What today the President dismisses, the PM condemns and the Foreign Minister calls out are manifestations of a larger, deeper issue with the Sinhalese, who renowned Harvard anthropologist Stanley Tambiah called a “majority with a minority complex”. Instead of a multi-pronged, multi-lingual, strategic nationalist project to address economic disempowerment, real fears around India’s unfettered access to our economy, deep-seated concerns around how proposed transitional justice mechanisms agreed to in Geneva will impact the tens of thousands of lives dependent on, directly or indirectly, the Ministry of Defence or for example a concerted effort to use the dhamma itself against the bigotry of monks, the government will not shift hearts captured by campaigns, brands, institutions and individuals who capitalise on fear and uncertainty. On one level, appealing to and stoking communal fear is easier than crafting an appealing counter-nationalism that speaks to those already disenchanted with government. On the other hand, it isn’t impossible. The trick is to choose the right speaker, carefully select the most compelling media, use emotive language, tailor the expression and produce gripping images. Speakers can come from sports, popular culture and the arts. Media can range from mainstream to instant messaging, posters to flyers, stickers to wrist-bands. An emotive language would openly speak to key fears seriously and without derision, no matter how unfounded or bizarre, thereby compelling closed hearts to engage with the message. The expression would change depending on audience – a popular idiom for young adults, more sober reflections for those who are older, rap and verse to slang and wordplay. Images that appeal to a shared humanity, reflecting key public officials in unguarded moments, in a lighter vein and reflecting, by framing various subjects, the diversity in the country. In sum compelling content that doesn’t always set itself in opposition to something else and tries always to hammer home a point, but rather, inspires, engages, goes viral and over time, becomes embedded in the public consciousness and popular discourse.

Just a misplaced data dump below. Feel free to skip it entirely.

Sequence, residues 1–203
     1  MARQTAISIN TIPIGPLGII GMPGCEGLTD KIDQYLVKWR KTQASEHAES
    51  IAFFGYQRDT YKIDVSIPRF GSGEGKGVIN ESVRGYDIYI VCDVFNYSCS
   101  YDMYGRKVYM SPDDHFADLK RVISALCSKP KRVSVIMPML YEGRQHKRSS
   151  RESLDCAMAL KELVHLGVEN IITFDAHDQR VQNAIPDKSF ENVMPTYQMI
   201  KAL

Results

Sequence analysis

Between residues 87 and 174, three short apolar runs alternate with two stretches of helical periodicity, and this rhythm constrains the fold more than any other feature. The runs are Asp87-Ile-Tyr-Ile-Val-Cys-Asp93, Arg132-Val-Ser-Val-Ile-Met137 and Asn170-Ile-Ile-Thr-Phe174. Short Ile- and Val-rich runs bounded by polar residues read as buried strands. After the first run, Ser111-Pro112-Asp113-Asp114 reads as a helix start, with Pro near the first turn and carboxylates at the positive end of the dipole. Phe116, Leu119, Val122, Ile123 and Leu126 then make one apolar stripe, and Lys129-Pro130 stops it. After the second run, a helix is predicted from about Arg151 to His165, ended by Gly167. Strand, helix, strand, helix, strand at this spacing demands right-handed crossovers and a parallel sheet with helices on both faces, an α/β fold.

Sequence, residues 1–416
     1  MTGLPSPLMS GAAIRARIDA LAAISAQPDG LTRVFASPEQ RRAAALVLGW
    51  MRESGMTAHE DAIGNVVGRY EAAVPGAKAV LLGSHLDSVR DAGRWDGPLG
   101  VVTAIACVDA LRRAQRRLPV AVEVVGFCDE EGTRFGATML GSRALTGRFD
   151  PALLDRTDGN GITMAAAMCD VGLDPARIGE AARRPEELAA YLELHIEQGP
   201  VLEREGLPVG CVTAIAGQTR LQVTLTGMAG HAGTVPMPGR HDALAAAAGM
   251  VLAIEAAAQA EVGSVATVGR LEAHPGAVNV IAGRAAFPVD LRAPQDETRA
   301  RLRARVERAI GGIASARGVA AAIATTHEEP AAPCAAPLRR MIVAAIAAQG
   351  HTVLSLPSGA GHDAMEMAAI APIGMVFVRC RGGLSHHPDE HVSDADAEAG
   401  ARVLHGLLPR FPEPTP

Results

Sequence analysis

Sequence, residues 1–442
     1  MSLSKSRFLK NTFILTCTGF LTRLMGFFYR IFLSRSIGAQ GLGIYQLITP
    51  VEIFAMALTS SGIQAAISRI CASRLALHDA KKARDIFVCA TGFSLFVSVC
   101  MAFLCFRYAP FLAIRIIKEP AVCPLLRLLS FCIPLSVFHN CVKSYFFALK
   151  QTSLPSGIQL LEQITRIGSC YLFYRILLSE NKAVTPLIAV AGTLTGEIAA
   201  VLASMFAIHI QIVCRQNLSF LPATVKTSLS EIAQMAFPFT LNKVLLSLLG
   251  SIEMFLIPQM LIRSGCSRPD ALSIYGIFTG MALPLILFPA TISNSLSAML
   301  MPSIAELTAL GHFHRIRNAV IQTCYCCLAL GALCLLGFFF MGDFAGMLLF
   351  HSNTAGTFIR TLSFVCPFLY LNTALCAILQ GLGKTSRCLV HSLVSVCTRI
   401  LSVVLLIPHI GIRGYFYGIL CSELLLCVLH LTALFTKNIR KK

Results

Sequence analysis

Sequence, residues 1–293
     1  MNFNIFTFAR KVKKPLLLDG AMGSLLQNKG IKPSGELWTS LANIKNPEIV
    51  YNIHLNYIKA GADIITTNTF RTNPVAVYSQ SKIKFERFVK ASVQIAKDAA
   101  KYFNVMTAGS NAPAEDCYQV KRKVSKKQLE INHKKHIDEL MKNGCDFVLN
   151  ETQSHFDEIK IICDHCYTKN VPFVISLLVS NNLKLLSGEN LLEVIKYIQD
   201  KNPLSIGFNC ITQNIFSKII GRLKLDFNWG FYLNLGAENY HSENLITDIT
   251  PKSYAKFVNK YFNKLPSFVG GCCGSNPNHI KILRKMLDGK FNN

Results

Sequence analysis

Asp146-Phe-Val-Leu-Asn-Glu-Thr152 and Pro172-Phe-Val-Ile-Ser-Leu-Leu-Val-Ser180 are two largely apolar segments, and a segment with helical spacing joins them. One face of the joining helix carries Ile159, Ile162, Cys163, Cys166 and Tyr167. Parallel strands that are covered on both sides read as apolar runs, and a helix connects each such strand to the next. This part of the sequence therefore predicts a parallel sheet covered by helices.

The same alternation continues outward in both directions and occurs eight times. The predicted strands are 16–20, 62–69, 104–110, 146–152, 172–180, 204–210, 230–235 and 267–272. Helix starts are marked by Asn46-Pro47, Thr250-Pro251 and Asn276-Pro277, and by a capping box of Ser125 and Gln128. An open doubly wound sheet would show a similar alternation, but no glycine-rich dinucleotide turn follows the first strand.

This is also why the Prime Minister needs the President. Sirisena’s appeal, his brand if you will, is emotive, whereas Wickremesinghe’s projections are often, though factually sound, alienating, cold and delivered without any strategic consideration around tone or expression. Being smug in Parliament may win immediate partisan cheer, but isn’t any guarantee of wider, public appreciation or support over the longer term. The incumbent President’s brand is unique, and though of late without the same appeal as it had a year ago, still vital to communicate democratic and plural values.
The key to combatting Sinha-le and all manner of competing racisms isn’t only with outright condemnation. We need to erode what give them life by addressing the fear, distrust and ignorance deep within our communities. This isn’t just an intellectual or academic endeavour. Change happens when we feel and care enough about something. Facts and data have their place, but move the heart, and you move minds.
Published in The Sunday Island, 7 February 2016.